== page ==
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My Lords, I declare a non-pecuniary interest as a director of the Global Warming Policy Foundation.
We are debating the consequences of a departing pledge by the outgoing Prime Minister; it is probably the most expensive leaving present in history. Harold Macmillan said that when both Front Benches are united, they are almost invariably wrong. It is in that context that I rise, with some trepidation, to show that at least some scrutiny is going on. Macmillan’s point was that, where both sides agree, you do not get proper scrutiny and the normal adversarial approach of our Houses of Parliament does not apply—that is, we do not look with enough rigour at what is going on. That is particularly true if, as was the case in the House of Commons, this House eschews any serious consideration of cost on the grounds that the higher the cost, the better—almost—because it shows how virtuous we will be. That was certainly the attitude during the passage of the original Act in 2008.
My principal plea is for a proper impact assessment of the order. I say that with some feeling: I came to this issue because in 2008, when the then Climate Change Bill was before the House, I went to get a copy of the impact assessment and was told by the Vote Office that I was the only person who did. I was the only person who read it and raised the issue of cost throughout the Bill’s proceedings. That is why impact assessments are important. I read the impact assessment and discovered that, at that stage—when the target in the draft Bill was a 60% reduction in emissions—it showed that the potential costs were twice the maximum benefits. If the costs of something exceed the benefits, you do not do it. That does not mean that the target was wrong; it means that you look for more cost-effective ways of achieving that target. But we did not; we ignored it. We ploughed ahead anyway—and went further: we raised the target from 60% to 80%. One would normally expect that to increase the cost disproportionately, because the things you have not done would be costlier than the things you would do to meet the lower target, and the benefits would rise less than proportionately, because you would get the greatest benefits from the early reductions in global warming and fewer benefits from any incremental reductions.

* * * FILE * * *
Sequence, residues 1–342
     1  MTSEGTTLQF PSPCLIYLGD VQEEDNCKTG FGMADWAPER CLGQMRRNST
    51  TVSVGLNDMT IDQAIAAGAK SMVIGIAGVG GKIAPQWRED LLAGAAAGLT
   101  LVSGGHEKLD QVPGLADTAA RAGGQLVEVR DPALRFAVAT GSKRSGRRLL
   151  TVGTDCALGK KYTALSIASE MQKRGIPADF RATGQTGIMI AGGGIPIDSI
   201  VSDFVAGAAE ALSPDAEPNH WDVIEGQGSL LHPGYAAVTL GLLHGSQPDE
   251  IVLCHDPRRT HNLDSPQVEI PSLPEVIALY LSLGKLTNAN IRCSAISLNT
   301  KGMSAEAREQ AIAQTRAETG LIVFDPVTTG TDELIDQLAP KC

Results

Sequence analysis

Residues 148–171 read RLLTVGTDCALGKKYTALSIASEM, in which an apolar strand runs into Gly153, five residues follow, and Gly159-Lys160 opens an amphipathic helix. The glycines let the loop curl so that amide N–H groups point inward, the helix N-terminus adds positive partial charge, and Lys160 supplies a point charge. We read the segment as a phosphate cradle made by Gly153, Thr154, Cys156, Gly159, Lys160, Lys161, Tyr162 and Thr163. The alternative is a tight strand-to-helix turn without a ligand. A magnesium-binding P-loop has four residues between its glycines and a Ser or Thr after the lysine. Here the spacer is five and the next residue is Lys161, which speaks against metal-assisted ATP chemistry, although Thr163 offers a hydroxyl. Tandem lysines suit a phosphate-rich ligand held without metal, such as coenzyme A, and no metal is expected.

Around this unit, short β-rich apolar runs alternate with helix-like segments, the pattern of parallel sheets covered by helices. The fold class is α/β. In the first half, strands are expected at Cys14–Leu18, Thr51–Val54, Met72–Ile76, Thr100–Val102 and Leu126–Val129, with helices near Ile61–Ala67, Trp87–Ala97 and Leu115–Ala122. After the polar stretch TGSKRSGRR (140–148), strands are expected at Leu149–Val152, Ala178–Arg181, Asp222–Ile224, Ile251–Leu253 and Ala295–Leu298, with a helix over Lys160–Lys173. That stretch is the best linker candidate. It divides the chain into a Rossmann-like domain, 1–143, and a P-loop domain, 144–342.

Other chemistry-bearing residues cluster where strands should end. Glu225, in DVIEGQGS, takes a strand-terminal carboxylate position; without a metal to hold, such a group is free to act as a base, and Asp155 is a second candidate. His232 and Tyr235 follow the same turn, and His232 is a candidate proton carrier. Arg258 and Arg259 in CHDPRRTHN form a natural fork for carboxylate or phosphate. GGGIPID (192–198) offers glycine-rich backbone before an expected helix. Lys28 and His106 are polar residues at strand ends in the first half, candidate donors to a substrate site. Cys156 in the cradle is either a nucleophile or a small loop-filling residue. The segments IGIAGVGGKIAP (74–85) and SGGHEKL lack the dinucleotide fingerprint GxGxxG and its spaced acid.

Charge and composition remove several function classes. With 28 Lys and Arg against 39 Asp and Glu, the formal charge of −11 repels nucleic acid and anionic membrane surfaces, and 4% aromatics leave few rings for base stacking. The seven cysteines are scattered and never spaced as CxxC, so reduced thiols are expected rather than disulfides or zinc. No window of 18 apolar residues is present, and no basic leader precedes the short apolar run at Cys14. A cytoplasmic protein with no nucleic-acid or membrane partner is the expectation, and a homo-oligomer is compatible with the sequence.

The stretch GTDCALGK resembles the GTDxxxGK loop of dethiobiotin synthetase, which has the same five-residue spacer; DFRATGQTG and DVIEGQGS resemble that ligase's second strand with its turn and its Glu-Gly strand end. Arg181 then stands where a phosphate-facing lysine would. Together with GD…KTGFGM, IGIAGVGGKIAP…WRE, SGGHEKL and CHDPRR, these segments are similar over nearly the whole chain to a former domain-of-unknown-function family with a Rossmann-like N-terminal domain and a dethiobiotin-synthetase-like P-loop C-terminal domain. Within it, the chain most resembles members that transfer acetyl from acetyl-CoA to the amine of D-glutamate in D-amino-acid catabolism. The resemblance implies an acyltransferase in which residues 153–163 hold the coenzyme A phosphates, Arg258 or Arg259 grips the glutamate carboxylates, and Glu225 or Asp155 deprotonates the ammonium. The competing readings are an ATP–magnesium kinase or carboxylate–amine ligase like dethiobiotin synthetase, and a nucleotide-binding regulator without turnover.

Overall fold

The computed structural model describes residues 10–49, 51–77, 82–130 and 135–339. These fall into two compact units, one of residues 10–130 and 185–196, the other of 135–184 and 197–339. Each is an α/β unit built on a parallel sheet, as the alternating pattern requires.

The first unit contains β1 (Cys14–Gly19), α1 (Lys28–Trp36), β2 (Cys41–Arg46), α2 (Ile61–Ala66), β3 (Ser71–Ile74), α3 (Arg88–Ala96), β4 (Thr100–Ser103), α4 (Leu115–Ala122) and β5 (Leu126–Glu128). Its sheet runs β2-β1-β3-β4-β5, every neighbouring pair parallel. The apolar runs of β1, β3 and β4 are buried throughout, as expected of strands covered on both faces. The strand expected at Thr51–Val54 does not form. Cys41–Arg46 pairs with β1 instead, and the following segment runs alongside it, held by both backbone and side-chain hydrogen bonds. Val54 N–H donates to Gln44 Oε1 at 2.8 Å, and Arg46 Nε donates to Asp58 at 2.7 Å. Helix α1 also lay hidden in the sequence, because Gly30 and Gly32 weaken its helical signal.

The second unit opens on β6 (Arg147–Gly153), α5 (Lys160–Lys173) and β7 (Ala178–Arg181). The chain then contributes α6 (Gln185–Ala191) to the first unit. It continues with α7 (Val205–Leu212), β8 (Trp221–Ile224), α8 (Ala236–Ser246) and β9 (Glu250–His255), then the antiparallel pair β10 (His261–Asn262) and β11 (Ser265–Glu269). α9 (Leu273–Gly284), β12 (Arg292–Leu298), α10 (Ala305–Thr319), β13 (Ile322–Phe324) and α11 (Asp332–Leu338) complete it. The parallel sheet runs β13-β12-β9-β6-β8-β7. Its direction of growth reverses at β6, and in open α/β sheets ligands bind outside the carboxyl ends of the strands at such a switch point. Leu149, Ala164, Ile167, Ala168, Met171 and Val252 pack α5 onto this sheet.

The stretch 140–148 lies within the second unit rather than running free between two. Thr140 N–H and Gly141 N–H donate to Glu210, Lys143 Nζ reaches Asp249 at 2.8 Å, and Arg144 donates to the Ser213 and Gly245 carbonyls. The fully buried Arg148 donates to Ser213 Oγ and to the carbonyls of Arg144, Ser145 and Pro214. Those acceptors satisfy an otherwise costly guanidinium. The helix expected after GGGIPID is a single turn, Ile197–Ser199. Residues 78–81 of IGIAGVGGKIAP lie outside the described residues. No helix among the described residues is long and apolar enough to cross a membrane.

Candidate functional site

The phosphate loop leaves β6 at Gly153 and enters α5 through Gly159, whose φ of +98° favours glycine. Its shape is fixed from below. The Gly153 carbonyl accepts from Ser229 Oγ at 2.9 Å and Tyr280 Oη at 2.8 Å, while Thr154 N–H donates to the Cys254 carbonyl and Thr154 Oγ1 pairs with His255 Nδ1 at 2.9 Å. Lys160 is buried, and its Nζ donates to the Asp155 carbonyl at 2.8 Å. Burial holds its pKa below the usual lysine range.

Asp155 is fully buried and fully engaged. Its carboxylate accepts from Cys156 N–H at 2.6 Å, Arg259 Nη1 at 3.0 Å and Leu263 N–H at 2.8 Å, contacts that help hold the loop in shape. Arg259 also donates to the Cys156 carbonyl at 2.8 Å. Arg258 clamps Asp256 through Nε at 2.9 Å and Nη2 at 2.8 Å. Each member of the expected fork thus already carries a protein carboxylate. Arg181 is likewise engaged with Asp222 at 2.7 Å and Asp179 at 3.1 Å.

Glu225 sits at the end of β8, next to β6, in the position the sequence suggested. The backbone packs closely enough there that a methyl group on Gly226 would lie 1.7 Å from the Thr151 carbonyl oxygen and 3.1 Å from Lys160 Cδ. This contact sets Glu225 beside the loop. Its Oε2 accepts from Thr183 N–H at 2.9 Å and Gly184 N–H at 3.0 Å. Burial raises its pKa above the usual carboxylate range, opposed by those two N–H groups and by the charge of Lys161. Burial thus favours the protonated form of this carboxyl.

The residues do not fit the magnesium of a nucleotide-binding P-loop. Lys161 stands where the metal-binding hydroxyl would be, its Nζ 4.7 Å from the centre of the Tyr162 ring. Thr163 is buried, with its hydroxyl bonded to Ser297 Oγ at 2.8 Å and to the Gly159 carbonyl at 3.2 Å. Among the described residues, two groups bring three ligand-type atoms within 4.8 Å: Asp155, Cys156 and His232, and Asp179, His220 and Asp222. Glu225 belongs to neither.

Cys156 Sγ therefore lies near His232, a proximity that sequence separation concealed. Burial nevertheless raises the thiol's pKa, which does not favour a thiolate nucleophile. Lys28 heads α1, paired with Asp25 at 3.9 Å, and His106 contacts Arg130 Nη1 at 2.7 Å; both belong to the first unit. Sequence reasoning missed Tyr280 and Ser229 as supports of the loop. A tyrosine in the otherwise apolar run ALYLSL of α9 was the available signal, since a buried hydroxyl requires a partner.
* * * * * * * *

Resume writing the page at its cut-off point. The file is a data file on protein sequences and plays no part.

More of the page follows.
After we passed the Act, the Government did produce an impact assessment—under much goading from me. Sure enough, it showed that the cost of meeting the target was going to double, but it also found that the benefits were going to increase tenfold. They found £1 trillion of benefits previously overlooked and ignored by the people who had produced the original impact assessment. That must surely raise a feeling of unreality in the minds of people considering this. If you can conjure £1 trillion of benefits out of nowhere, we really are dealing in extraordinary detachment from reality and normal accounting.
I want to see a proper impact assessment this time, even if we did not get one originally and the one we eventually got lacked credibility.